The news has gone from bad to worse for Dodgers’ left-hander Julio Urias, who is scheduled for anterior capsule surgery on his left shoulder next Tuesday and expected to be sidelined through the middle of the 2018 season. His MRI came back negative on Wednesday, giving the Dodgers some hope that the 20-year-old’s bout of shoulder inflammation wasn’t masking any structural damage, but the pain lingered several days later and prompted further concern from the club. The procedure will be performed by Dr. Neal ElAttrache.

Urias was optioned to Triple-A Oklahoma City in late May and placed on the disabled list with left shoulder discomfort several weeks into his assignment. At the major league level, he owned a 5.40 ERA, 5.4 BB/9 and 4.2 SO/9 through 23 1/3 innings, going 0-2 in five starts with Los Angeles. He made a brief rebound in Triple-A, posting three wins and striking out 17 of 67 batters in 17 1/3 innings before landing on the DL.

It’s a tough blow for the southpaw, who had yet to hit his stride in the majors before getting sidelined with shoulder issues. The Dodgers were especially mindful of this outcome for Urias, and had taken preventative measures to protect his arm by establishing a strict innings limit last season. According to club president Andrew Friedman, there’s a small silver lining here: while Urias’ injury will keep him out of work for at least 12 months, he doesn’t appear to have sustained any damage to his labrum or rotator cuff, and could be facing a much more streamlined recovery process as a result. Whether he’ll be able to rebound once he takes the mound again remains to be seen.

Tigers release Francisco Rodriguez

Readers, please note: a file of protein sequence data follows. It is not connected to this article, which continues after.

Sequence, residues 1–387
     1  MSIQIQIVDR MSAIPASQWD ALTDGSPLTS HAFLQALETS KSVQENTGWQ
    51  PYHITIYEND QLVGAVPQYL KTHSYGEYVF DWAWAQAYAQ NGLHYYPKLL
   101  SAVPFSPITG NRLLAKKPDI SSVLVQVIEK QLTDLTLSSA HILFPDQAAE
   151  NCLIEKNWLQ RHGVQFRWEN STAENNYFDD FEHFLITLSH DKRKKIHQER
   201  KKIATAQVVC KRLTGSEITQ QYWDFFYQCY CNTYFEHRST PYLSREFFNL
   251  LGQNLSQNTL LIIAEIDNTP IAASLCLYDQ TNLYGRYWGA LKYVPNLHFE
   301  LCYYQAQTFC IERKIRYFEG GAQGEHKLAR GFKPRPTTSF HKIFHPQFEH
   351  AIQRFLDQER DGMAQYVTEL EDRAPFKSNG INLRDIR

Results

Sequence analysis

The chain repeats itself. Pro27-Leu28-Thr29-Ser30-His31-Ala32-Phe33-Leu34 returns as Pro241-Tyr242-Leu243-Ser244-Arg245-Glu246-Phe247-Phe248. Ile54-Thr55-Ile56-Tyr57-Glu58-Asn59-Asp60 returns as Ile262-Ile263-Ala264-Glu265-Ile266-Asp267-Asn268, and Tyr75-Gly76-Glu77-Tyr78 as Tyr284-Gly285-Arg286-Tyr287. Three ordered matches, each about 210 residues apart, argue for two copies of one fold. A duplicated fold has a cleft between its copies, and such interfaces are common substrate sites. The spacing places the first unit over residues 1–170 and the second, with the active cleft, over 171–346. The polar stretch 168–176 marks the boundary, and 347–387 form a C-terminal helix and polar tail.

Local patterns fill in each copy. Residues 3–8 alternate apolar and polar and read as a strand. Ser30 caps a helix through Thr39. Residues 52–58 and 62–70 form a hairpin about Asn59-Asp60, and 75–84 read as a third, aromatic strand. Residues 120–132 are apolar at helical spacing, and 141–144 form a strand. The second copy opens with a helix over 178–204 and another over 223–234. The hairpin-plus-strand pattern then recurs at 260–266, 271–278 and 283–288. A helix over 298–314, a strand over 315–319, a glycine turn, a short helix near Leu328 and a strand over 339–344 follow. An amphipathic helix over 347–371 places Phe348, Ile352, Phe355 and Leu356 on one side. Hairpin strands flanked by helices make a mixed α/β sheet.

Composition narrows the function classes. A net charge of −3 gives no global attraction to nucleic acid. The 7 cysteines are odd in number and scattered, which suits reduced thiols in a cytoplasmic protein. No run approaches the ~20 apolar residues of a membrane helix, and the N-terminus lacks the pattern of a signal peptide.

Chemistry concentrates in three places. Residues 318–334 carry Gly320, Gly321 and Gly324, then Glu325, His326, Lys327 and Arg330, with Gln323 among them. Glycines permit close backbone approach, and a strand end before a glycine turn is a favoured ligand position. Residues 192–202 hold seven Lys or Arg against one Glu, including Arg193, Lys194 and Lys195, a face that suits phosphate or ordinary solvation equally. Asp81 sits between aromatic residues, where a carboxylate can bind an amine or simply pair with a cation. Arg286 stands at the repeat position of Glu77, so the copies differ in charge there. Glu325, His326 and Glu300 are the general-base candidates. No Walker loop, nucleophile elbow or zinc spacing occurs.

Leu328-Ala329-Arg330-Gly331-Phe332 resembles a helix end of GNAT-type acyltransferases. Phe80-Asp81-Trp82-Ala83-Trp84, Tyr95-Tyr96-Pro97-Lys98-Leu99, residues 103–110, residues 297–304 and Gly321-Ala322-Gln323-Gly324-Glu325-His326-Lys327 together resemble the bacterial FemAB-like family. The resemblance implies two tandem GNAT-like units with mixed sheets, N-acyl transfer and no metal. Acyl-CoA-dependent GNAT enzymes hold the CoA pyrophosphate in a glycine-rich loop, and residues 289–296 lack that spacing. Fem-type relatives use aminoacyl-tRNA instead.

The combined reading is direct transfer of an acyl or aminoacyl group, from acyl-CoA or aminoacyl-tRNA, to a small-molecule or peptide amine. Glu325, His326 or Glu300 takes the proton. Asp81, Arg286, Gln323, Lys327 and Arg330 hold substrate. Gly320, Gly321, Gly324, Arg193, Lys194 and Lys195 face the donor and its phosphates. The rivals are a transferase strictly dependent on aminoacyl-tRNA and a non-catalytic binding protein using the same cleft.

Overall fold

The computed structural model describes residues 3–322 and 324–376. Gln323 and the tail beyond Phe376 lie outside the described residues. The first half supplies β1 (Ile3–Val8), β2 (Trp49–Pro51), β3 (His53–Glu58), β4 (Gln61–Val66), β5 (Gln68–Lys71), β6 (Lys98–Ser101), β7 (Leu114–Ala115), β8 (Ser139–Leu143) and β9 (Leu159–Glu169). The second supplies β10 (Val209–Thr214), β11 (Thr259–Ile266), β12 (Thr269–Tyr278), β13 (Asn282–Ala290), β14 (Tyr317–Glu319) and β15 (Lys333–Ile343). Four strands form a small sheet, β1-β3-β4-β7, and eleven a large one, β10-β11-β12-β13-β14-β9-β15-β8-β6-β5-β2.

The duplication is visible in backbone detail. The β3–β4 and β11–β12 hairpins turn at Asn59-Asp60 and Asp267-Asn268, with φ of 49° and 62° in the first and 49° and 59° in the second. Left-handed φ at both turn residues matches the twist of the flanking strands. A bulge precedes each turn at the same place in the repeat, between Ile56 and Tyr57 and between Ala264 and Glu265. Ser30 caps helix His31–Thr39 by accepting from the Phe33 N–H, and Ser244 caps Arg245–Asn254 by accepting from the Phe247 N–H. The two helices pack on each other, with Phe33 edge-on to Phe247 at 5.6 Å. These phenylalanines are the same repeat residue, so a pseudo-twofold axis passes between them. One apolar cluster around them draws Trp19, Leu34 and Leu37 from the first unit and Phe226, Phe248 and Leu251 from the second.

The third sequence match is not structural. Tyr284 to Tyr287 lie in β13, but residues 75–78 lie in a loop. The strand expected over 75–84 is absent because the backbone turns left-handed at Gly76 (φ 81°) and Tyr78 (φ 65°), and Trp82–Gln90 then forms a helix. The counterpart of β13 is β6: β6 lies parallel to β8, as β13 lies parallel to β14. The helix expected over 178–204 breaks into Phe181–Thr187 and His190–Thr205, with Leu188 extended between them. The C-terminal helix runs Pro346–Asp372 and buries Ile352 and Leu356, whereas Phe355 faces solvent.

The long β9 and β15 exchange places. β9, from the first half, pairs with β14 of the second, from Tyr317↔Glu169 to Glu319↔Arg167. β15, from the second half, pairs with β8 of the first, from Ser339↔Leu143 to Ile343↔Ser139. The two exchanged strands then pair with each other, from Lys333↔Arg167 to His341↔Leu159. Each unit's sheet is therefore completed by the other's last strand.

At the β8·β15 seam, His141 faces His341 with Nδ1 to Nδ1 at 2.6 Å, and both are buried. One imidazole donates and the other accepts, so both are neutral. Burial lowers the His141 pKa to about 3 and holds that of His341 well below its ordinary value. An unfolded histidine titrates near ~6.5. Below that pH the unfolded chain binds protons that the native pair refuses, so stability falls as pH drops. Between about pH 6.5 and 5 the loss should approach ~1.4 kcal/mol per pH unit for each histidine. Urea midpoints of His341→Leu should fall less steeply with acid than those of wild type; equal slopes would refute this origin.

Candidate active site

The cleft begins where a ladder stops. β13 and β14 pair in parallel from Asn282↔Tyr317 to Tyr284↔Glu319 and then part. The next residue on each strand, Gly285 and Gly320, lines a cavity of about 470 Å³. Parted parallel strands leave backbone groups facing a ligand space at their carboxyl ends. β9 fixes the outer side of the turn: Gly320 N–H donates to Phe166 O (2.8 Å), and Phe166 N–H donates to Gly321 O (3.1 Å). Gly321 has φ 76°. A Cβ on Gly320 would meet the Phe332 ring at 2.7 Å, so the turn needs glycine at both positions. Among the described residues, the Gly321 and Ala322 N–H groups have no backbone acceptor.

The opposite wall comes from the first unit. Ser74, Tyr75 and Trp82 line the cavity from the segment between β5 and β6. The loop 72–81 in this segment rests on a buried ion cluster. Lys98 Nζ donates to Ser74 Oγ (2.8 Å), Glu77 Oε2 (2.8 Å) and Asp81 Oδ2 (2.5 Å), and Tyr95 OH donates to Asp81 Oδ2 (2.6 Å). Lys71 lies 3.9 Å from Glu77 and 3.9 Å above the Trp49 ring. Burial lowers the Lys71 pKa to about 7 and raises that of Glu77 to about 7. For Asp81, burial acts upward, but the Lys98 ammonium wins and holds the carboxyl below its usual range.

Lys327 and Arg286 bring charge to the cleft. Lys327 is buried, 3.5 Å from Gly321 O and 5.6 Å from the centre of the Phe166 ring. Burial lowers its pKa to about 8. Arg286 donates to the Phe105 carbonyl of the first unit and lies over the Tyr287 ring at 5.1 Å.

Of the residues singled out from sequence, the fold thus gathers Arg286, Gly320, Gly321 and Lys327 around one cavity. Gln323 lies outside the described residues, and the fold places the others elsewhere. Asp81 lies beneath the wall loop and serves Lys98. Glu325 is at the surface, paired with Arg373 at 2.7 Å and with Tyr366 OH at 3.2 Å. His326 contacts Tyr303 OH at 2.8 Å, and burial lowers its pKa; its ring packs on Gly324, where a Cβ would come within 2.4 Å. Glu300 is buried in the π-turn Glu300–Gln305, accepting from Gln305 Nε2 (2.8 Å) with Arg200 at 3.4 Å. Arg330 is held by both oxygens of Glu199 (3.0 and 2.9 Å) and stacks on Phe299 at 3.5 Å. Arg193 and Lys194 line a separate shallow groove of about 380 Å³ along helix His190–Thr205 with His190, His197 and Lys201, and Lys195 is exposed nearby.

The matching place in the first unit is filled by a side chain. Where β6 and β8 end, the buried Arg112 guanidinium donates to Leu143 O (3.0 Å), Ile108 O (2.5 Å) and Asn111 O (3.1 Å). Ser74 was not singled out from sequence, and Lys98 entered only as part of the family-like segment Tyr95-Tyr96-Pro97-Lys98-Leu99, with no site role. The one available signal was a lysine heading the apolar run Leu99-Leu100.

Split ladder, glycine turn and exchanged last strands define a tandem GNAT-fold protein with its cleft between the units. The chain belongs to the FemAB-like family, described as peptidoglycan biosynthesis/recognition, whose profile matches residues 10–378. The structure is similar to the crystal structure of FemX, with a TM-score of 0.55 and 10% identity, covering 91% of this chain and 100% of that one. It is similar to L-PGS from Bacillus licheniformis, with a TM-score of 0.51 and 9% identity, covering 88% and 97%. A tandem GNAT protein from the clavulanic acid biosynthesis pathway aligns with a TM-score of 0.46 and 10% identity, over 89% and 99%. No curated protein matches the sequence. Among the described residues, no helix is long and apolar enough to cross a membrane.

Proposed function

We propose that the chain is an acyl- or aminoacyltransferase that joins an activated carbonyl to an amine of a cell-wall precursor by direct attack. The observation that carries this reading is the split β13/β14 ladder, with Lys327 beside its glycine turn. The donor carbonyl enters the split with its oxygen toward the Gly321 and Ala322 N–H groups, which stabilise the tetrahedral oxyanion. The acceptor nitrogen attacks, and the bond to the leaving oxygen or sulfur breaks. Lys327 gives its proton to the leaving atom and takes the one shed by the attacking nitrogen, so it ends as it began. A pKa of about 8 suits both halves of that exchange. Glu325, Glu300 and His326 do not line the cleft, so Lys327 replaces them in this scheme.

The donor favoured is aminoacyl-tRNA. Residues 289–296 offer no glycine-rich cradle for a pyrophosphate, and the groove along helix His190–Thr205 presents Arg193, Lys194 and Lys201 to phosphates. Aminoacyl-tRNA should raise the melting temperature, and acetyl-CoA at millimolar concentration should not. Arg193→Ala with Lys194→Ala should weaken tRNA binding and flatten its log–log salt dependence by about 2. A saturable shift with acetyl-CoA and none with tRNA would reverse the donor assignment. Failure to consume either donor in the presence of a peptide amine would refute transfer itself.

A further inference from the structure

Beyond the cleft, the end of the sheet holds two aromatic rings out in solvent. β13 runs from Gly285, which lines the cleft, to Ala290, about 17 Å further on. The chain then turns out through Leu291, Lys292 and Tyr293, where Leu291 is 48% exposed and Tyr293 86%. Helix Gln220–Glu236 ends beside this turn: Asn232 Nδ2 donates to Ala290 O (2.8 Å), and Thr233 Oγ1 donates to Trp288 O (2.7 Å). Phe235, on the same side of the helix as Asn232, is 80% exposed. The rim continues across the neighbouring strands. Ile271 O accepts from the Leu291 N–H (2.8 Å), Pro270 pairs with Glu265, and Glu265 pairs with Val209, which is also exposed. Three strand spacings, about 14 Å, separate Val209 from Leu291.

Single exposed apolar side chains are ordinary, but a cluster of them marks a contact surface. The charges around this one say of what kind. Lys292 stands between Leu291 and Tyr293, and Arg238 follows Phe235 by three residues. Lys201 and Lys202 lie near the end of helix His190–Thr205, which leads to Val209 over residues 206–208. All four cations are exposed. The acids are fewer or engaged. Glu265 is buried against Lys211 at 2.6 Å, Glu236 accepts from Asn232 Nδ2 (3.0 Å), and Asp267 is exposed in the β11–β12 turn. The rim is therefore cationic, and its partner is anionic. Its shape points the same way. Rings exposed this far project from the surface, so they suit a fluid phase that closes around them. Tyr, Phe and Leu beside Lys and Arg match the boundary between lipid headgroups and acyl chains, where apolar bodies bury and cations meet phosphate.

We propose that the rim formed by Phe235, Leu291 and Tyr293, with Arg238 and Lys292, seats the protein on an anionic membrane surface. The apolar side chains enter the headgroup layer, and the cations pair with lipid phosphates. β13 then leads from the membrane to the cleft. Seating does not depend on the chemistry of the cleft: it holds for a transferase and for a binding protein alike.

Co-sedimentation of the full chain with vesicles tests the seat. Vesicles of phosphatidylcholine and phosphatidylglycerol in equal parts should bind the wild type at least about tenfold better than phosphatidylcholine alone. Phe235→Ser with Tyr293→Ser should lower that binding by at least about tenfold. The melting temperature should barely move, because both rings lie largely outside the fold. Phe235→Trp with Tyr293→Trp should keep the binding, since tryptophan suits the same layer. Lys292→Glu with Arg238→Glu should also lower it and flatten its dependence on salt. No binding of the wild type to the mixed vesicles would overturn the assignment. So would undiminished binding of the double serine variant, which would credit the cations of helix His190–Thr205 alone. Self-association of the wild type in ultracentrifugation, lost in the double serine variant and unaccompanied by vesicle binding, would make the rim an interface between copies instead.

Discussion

Getty Images
4 Comments

Tigers’ right-handed reliever Francisco Rodriguez was released on Friday, per a team announcement. The club recalled fellow right-hander Bruce Rondon from Triple-A Toledo in a corresponding move.

The former closer got the boot after losing his closing role in early May, giving left-hander Justin Wilson a chance to impress at the back end of the bullpen. It’s been a rough year for Rodriguez, who manufactured six blown saves and a 7.82 ERA, 3.9 BB/9 and 8.2 SO/9 over 25 1/3 innings for the Tigers. The final straw, it seemed, came with Robinson Cano‘s grand slam in the seventh inning of the Tigers’ 6-9 loss to the Mariners on Thursday.

While the demotion to a clean-up role and an apparent lack of communication caused Rodriguez considerable frustration, he’s two years removed from his last dominant performance as a major league closer and has shown few signs of returning to form. His recent slump doesn’t diminish the impressive totals he’s racked up over his 16-year career — 437 saves and six All-Star nominations among them — but if he can’t break out of it soon, he may not receive the kind of high leverage role he’s seeking with another big league team, either.